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The weakest to date of the STAR TREK feature films. Despite a $32 million budget that was recouped within its first month, STAR TREK V isn't much more than an expanded TV episode, and not a particularly memorable one at that. Yet, even with its many shortcomings, including less-than-exciting action scenes and cartoonlike special effects, this sequel's popularity reaffirms the enduring appeal of the king of TV reruns. Star William Shatner, in an undistinguished directorial debut, is hampered by a largely uneventful plot that deals with such metaphysical pursuits as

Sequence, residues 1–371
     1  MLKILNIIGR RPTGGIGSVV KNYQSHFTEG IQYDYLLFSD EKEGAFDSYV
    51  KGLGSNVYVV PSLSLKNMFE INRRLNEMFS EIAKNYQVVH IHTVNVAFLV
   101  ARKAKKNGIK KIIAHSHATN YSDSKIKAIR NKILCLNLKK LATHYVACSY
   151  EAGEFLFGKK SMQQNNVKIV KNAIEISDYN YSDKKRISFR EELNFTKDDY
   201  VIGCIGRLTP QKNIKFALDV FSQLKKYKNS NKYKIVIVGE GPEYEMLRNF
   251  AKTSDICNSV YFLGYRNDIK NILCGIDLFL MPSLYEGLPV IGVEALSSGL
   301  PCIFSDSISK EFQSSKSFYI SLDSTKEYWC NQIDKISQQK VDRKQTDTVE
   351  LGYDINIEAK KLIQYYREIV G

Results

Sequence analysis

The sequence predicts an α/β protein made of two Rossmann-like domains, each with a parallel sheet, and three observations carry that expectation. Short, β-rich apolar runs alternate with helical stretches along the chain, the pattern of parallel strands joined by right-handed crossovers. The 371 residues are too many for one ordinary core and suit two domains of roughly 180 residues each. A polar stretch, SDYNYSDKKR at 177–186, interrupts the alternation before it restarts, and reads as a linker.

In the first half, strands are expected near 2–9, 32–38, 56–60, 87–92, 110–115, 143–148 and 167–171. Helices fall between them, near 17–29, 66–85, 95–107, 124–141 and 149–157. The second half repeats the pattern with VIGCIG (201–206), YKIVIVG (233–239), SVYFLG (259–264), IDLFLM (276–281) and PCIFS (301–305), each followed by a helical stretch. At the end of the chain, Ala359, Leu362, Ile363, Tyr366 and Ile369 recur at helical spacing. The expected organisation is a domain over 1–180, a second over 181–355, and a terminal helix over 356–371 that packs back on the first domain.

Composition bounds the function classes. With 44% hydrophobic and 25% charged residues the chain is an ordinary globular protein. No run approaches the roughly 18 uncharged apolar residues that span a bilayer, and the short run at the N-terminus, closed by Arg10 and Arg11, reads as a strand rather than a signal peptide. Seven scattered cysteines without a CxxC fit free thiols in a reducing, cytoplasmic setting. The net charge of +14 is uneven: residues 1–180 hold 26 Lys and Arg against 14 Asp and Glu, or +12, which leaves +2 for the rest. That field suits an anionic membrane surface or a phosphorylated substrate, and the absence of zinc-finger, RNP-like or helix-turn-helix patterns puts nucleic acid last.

the search for God and the mysteries of the cosmos, both allegedly to be found on the legendary planet Shakaree. There, Adm. James T. Kirk (Shatner) must match wits with Vulcan antagonist Sybok (Laurence Luckinbill). En route to the final frontier, there's a subplot involving a Klingon starship captain, Klaa (Todd Bryant), who, to prove his prowess, intends to kill the admiral. Although the film's ontological approach may be intriguing, this rather dull entry fails to generate the kind of thoughtful, exciting adventure that made the Gene Roddenberry TV series so compelling.